Archaeologists in Greece have discovered what they believe to be the oldest written evidence of Homer’s epic poem “The Odyssey” ever found in the country.
Officials from the Greek Ministry of Culture released a photo of the clay tablet, which researchers found Tuesday during a dig at Ancient Olympia in the western part of the Peloponnese peninsula.
A team of Greek and German scientists were examining an engraved clay plaque near the ruined Temple of Zeus when they discovered the tablet.
The slab holds 13 verses from the Odyssey’s 14th Rhapsody in which Odysseus, the story’s hero, addresses his lifelong friend Eumaeus.
Greece’s culture ministry officials said in a statement that the tablet likely dates to the Roman era — probably before the 3rd century AD.
They also said that the the exact date has yet to be confirmed, but referred to the discovery as a “great archaeological, epigraphic, literary and historical exhibit.”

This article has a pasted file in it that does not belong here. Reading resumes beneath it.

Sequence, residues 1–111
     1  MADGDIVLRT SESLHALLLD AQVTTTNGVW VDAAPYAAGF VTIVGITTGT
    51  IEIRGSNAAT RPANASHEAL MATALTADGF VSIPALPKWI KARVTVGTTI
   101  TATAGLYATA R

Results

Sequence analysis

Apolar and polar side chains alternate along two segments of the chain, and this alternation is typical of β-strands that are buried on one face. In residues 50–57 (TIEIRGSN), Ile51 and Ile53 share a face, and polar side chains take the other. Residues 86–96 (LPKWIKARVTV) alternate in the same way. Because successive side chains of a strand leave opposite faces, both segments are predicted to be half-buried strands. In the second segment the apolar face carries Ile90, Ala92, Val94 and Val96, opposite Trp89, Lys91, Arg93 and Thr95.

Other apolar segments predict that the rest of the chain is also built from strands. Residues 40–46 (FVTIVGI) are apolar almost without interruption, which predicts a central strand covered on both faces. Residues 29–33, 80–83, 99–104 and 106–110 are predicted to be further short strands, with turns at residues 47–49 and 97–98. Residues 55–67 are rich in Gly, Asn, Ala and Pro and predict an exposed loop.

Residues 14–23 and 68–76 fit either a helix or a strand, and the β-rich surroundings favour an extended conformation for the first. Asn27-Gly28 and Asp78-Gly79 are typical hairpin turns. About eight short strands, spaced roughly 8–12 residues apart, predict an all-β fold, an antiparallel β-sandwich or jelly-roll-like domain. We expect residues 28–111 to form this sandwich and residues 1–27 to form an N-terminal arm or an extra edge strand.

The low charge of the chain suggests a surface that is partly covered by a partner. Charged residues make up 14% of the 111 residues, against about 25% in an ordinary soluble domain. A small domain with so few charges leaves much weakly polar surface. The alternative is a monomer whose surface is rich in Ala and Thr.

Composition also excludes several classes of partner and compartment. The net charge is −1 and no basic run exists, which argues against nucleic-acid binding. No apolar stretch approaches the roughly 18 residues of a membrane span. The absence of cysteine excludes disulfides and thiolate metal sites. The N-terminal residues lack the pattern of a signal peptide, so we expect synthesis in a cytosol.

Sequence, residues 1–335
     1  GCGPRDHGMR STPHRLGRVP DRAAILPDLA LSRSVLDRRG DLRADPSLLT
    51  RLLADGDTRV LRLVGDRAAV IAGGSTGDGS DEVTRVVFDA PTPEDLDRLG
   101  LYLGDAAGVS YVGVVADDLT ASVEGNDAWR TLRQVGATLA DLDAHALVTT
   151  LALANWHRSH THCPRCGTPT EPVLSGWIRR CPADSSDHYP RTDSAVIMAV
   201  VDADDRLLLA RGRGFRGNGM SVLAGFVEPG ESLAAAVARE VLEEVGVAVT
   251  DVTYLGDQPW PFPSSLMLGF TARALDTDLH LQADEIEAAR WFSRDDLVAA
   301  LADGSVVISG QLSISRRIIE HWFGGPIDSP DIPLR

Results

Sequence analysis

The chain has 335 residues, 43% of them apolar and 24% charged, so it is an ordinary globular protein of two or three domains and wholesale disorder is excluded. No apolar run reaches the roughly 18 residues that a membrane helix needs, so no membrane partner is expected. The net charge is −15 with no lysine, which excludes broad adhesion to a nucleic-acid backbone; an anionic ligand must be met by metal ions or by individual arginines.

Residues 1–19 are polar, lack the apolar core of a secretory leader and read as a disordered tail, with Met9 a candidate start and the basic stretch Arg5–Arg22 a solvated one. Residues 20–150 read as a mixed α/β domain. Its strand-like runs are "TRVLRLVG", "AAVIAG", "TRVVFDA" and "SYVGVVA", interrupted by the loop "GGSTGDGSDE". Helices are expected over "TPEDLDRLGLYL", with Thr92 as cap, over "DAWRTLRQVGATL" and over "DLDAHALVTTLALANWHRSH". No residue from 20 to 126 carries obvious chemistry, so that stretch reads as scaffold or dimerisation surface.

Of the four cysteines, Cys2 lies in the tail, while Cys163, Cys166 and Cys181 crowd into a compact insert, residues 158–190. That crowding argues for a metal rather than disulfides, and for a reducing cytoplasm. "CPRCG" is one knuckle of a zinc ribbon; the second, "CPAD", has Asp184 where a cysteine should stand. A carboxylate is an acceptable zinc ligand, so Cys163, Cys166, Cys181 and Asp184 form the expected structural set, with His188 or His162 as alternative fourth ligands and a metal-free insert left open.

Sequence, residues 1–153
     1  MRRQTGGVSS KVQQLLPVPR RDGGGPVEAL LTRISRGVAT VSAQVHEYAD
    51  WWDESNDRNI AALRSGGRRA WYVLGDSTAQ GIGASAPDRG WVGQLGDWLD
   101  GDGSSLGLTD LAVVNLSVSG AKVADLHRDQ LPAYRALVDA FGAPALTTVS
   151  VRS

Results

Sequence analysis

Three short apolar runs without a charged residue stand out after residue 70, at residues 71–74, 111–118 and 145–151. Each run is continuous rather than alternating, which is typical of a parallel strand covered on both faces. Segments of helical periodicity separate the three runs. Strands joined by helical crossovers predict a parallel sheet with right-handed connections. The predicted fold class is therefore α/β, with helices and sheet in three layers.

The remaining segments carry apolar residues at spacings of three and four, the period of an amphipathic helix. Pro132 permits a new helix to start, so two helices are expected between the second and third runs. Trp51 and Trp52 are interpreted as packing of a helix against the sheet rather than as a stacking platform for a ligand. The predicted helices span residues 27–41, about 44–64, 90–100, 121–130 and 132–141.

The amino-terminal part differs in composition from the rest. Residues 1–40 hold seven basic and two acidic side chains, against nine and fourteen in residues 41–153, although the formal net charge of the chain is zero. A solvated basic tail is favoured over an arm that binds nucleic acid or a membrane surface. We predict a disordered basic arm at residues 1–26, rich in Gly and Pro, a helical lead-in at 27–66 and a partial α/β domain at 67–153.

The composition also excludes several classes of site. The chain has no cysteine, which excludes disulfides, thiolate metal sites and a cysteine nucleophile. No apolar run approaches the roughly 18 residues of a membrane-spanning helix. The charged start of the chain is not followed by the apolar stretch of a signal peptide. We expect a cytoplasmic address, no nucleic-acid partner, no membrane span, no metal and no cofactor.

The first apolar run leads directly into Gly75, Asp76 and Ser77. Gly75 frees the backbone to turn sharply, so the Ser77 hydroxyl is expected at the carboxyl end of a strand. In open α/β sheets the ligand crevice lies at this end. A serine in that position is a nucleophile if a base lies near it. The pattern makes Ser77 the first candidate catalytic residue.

“The Odyssey” consists of 12,109 lines of poetry that many historians attribute to Homer, a legendary ancient Greek poet.
The literary work centers around the story of Odysseus of Ithaca, the king who wanders for 10 years in an effort to return home after the collapse of Troy.
After the “Iliad,” it is the second major poem scholars attribute to Homer, with writing dating back to approximately 675-725 BCE. It is also widely thought to be one of the greatest literary works in world history.
CORRECTION: The lead sentence originally did not include “ever found in the country” at the end. This has been added in to clarify that the discovery is not the oldest existing written piece of “The Odyssey,” but rather the oldest that has ever been found in Greece.
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